Daily Archives: May 7, 2013

The Republican Party’s Death Spiral Continues: Here’s How To Stop It

By Ralph Benko – The GOP has relapsed into a potentially fatal business-as-usual complacency.

That lesson — You’ve got to have the people on your side — if you want to win — applies with equal force to politics.  The national GOP is losing by old fashioned bad policy and bad politics: failure to champion a practical recipe for equitable prosperity for working people, failure to champion civil liberties, and failure to stand for (small r) republican principles.  The GOP thereby lost, and continues to lose, the hearts and minds of the people.  Instead of confronting this fact, the Republican Party elites now are focusing on — weaponizing bytes. more> http://tinyurl.com/cb9834g

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Google Now: Is It Magic, or Just Plain Creepy?

By Mathew Ingram – Meanwhile, the second Google Now card showed the traffic on the highway and told me I should probably give myself more time than usual to get to the airport–and when I got closer to the time of my departure, a third card showed my boarding pass information, including boarding time and the gate number (Google Now got that info from my calendar, but it also supports scannable boarding passes for a limited number of airlines.) more> http://tinyurl.com/c5qrnfj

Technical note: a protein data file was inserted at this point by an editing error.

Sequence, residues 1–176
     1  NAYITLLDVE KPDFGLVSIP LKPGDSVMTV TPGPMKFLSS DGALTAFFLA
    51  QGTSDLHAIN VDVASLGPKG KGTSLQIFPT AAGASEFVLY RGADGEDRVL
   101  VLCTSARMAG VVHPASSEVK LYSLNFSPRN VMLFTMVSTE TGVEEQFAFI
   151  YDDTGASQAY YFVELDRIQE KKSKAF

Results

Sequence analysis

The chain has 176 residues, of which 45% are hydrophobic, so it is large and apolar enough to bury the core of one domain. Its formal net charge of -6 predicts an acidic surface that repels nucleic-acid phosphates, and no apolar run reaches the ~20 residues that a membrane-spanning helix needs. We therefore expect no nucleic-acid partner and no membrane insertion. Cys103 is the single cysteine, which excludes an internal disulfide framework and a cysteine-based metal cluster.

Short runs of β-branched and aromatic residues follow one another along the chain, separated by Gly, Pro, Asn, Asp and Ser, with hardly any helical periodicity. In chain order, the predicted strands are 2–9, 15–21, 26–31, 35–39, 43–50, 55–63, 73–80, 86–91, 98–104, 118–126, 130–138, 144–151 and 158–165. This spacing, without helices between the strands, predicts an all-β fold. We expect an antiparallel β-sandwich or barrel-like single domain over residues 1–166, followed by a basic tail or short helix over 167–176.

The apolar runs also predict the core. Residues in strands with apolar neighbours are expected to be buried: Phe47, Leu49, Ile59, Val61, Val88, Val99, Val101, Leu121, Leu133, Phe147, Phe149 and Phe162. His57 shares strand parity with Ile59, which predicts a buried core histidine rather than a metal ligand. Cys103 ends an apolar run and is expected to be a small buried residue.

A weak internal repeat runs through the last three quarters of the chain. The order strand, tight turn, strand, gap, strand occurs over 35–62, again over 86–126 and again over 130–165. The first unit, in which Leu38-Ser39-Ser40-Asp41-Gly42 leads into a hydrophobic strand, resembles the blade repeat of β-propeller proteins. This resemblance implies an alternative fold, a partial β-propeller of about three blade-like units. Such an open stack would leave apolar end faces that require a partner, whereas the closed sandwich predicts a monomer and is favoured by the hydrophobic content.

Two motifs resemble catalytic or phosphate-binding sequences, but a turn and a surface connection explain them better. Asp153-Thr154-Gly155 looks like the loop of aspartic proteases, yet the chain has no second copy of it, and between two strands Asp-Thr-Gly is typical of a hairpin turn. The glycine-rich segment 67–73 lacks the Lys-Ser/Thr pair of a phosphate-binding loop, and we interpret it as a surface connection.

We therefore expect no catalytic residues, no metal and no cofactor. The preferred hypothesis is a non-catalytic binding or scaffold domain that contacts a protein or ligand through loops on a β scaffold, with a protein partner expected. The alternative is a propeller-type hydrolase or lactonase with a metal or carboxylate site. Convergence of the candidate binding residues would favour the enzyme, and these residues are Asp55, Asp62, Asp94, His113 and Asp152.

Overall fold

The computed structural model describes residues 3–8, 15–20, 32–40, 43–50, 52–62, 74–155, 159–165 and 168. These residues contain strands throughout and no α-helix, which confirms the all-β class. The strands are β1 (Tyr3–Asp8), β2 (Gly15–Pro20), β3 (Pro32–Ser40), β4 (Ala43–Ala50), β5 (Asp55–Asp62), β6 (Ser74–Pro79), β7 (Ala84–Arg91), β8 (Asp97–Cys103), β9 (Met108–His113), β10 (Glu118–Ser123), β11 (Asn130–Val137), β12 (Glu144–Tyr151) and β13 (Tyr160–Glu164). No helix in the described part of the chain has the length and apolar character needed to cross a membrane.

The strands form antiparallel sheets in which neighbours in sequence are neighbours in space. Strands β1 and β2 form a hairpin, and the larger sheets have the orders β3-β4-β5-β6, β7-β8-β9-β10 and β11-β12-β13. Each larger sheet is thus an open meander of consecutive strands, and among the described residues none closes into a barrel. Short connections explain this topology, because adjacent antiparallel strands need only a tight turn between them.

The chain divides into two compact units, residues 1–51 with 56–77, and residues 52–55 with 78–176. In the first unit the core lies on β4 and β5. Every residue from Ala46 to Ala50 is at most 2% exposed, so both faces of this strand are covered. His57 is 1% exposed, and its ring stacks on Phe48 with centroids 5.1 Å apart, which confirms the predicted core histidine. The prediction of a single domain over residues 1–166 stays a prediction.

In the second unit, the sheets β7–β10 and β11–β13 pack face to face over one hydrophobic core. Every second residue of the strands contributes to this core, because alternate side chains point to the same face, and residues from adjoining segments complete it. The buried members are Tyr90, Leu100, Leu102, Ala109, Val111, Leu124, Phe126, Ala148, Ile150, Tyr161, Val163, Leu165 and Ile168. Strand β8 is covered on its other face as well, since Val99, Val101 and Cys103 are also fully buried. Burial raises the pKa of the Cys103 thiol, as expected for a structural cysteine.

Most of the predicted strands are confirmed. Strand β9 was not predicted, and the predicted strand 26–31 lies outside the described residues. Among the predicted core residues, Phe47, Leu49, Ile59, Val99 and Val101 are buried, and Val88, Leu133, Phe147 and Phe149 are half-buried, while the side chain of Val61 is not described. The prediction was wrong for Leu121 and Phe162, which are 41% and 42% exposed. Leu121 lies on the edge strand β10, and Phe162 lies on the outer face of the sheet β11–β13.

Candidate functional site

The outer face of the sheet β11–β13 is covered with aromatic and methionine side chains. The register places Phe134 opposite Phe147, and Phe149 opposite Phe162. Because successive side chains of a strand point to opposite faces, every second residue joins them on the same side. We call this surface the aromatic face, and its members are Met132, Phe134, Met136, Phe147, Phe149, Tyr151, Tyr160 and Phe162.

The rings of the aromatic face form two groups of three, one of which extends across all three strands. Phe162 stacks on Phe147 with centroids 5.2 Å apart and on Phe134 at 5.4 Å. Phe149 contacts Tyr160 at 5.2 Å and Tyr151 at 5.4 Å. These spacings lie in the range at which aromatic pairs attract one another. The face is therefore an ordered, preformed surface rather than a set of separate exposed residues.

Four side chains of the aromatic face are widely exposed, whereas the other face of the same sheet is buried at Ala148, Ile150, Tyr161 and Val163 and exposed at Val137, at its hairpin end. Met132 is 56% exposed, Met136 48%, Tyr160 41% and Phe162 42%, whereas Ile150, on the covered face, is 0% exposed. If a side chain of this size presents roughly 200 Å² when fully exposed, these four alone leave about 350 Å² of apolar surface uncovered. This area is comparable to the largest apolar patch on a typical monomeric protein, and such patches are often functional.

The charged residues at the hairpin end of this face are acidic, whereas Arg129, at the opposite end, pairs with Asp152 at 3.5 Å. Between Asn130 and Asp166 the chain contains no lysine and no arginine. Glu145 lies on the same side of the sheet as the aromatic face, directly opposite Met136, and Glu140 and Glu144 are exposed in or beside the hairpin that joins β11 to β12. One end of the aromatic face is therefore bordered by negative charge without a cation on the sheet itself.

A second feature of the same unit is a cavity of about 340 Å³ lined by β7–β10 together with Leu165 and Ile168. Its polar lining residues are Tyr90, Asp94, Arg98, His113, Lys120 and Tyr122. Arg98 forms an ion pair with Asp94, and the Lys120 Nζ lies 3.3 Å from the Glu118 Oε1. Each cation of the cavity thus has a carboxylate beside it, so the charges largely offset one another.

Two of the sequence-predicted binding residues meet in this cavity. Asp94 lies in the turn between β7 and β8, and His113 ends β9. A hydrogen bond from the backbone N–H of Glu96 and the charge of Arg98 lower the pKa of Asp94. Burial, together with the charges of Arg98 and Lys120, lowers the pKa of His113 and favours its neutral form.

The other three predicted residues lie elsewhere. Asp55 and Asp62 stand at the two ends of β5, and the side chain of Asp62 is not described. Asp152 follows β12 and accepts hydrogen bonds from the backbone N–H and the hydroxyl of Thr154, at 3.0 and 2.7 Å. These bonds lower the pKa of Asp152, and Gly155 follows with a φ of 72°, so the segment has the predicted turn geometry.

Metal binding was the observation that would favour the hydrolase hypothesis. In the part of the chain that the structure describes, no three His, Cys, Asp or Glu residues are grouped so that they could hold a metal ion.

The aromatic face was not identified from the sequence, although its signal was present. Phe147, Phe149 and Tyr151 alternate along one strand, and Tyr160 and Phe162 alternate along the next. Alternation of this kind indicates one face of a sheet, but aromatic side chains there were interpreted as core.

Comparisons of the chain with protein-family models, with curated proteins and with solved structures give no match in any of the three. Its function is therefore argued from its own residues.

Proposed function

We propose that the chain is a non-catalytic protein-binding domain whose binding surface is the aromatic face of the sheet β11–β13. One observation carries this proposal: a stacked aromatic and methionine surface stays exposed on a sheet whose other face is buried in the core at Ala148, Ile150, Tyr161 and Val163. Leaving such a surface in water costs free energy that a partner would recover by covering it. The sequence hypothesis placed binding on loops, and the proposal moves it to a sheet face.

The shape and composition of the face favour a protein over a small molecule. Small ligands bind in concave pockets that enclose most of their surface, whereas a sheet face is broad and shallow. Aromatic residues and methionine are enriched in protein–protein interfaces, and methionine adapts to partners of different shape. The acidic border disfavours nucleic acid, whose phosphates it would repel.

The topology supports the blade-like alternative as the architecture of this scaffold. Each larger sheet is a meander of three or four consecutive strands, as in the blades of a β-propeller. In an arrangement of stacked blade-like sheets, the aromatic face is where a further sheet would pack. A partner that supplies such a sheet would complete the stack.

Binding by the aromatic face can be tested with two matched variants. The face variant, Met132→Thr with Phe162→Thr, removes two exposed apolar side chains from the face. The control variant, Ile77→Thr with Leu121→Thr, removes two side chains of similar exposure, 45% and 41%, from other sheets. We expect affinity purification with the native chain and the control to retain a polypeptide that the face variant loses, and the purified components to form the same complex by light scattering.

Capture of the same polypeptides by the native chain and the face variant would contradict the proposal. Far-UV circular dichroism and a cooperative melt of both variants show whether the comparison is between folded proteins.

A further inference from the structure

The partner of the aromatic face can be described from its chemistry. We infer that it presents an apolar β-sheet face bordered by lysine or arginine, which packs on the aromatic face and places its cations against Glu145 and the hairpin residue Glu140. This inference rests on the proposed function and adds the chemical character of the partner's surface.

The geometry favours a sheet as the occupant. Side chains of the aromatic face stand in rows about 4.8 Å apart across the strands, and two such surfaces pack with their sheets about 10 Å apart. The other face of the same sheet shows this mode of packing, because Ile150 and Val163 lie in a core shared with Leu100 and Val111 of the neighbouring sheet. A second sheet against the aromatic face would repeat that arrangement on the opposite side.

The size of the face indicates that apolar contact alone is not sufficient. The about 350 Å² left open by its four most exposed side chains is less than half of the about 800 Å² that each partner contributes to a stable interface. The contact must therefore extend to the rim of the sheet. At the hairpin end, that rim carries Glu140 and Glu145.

Unknown Signoff


By Graham Bell – Continued increases in SOC integration and the interaction of blocks in various states of power management are exacerbating the X problem. In simulation, the X value is assigned to all memory elements by default. While hardware resets can be used to initialize registers to known values, resetting every flop or latch is not practical because of routing overhead. For synchronous resets, synthesis tools typically club these with data-path signals, thereby losing the distinction between X-free logic and X-prone logic. This in turn causes unwarranted X-propagation during the reset simulation phase.

Lisa Piper, from Real Intent, presented a solution to the X-propagation problem that is part technology and part methodology. more> http://tinyurl.com/d77nhcg

Updates from BOEING


Boeing – The experimental X-51A WaveRider aircraft, powered by a scramjet engine designed to reach hypersonic speeds, did just that as it hit Mach 5, which is nearly 4,000 miles per hour. It flew for a total of six minutes, and three and a half of those minutes were with the scramjet engine, breaking its own record from its first flight in 2010 when the WaveRider flew for 143 seconds.

The X-51A WaveRider is an unmanned, autonomous supersonic combustion, ramjet-powered hypersonic flight-test demonstrator for the U.S. Air Force. The X-51A demonstrates a scalable, robust endothermic hydrocarbon-fueled scramjet propulsion system in flight, as well as high temperature materials, airframe/engine integration and other key technologies within the hypersonic range of Mach 4.5 to 6.5. more> http://tinyurl.com/d2pzp66

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CONGRESS WATCH Begich on Increasing U.S. Icebreaking Capacity and Marine Traffic, YouTube [VIDEO 5:40] Begich on the NOAA Observer Program, YouTube [VIDEO 3:19]

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CONGRESS WATCH Boxer Urges Department of Veterans Affairs to Improve Mental Health Care for Veterans at Risk for Suicide, US Senate Evaluation of Mental Health Treatment Continuity at Veterans Health Administration Facilities (pdf), Department of Veterans Affairs (va.gov)